This is the third and last book in the Detective Gordon mystery series. In this book, Gordon has retired and Buffy is now the only detective in the police station. Buffy starts hearing strange noises in the middle of the night. She’d love to have Gordon back to help solve the mystery of the scrabbling noises in the night. Meanwhile readers discover that Gordon is getting restless in retirement and that at night he heads to the police station to check on Buffy, making the noises that are scaring her. When a new case arrives, the two police officers are soon working together again to figure out what has happened to two little kindergarten animals who have disappeared. Yet Gordon can’t quite tell Buffy that it was him scaring her at night.

This Swedish early chapter book series has been a joy to read and share from the very first. While it is sad to see the series end, it goes out on a high note that finishes the series off with a solid win. Once again Gordon and Buffy are back, their dynamic maturing and growing as they work more together. The mystery here is serious and compelling as the detectives work to piece together where two young animals have gone and whether they are in danger. Readers get to see that the children are playing and safe, but the detectives don’t know that. It’s a smart way to make the mystery appropriate for young children. As with the entire series there is a focus on fairness, kindness and honesty throughout the book.

Spee’s illustrations add to the appeal of the series. The full color images make the book more approachable for children moving into chapter books. They also depict the forest world that the characters live in with lovely details like toadstools, flowers, and insects in the air. The autumnal feel of the book works well as a series closer as well, with sunset coloring throughout.

A wonderful ending to a top notch series, make sure to start from the beginning! And maybe have some cake on hand to munch along. Appropriate for ages 5-7.

Reviewed from copy received from Gecko Press.

The Hate U Give by Angie Thomas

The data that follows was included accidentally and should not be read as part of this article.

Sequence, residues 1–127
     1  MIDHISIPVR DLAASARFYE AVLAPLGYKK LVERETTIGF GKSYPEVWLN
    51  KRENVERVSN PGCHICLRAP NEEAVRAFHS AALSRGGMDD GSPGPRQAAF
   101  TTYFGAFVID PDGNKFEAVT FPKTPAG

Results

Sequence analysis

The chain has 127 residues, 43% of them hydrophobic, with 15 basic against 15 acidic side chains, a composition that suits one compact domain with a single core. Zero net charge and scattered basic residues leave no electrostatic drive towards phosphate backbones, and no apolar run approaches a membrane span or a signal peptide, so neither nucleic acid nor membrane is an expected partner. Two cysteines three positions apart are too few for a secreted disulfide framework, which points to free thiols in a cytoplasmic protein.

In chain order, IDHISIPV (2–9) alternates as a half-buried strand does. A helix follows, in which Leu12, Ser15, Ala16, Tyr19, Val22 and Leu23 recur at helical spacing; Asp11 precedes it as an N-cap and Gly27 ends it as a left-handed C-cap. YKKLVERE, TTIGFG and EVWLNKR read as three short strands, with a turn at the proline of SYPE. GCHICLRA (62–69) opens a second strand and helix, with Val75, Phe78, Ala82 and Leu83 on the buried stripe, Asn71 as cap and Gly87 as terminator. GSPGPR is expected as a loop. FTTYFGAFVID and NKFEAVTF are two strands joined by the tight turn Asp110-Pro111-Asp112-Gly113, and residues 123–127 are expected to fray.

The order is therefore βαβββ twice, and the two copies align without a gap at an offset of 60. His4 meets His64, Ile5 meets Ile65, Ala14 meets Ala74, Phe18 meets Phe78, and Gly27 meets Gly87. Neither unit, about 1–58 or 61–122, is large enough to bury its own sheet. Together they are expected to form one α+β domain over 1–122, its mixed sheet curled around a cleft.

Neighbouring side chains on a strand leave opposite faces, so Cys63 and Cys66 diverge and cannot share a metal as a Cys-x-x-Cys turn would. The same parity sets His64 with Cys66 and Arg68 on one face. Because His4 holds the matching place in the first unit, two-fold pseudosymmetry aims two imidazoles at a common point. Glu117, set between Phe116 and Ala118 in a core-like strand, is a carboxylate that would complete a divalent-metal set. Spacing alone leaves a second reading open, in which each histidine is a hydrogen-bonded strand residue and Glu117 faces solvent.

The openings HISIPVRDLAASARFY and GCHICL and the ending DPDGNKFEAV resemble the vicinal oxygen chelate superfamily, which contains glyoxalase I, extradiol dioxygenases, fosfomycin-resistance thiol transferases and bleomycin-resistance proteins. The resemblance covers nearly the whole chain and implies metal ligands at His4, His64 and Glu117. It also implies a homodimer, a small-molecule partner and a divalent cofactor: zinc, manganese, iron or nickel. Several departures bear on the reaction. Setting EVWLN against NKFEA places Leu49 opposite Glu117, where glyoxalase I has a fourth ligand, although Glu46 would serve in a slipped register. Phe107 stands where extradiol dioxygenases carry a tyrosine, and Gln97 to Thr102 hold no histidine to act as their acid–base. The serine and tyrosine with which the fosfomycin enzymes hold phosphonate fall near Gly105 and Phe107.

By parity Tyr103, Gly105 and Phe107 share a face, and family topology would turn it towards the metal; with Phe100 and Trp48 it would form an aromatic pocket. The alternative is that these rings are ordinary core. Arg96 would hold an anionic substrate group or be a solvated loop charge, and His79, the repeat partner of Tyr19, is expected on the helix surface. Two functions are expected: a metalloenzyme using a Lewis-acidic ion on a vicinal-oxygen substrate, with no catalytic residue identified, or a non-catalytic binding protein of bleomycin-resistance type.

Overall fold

The Hate U Give by Angie Thomas

The Hate U Give by Angie Thomas (9780062498533)

This teen novel has more buzz than any I’ve ever seen. Happily, it is all entirely justified and I’ll join the crowd in singing its praises and looking forward to the upcoming film!

Starr is sixteen and witnessed a friend killed in a drive-by shooting when she was a child. Now she finds herself witnessing another killing, this time another friend who is shot in the back by a police officer during a traffic stop. Starr already lives in two worlds, the poor neighborhood where her family lives and her father has a store and the private prep school she attends in the suburbs. Now she must walk an ever more razorsharp edge, figuring out the dangers of the truth and the equally harsh dangers of staying silent.

Thomas takes on racism in modern America head on and without flinching. She paints a picture of poor African-American communities that looks beyond the poverty into the heart of the community itself. Still, this is not a picket fence world but one that is complex, riddled with gang activity, but still has a heart and a culture that sings. Thomas also shows the choices that African Americans must make in staying in a crime-filled community to help or moving away for safety of their children. It is not simple, nothing in this novel is, thank goodness.

The characters are incredibly rich and complicated as well. Starr is a wonderful heroine, grappling with grief, the situation of being a witness, and the knowledge that even telling the truth may not make a difference. She is wise, young, hopeful and jaded all at once. She is a face for what is happening in this country and a way that white teens can understand the issues and black teens can see themselves portrayed beautifully in a novel.

I must also mention the incredible African-American fathers shown in the book. Yes, there are men who are awful here too. But Maverick is a complicated father with high expectations for his children who cheated on Starr’s mother and also did jail time for his gang activity. That doesn’t mean he isn’t there for his family or loves them any less. Again, it’s complicated. Add to that Uncle Carlos who is a police officer and who stepped in to help raise Starr when Maverick was in jail. He is a crucial character to the story, and also a critical figure in Starr’s upbringing and her strength.

This debut novel is breathtakingly honest, searingly angry and exactly what we need right now. I can’t wait to see what this author does next! Appropriate for ages 14-18.

Reviewed from library copy.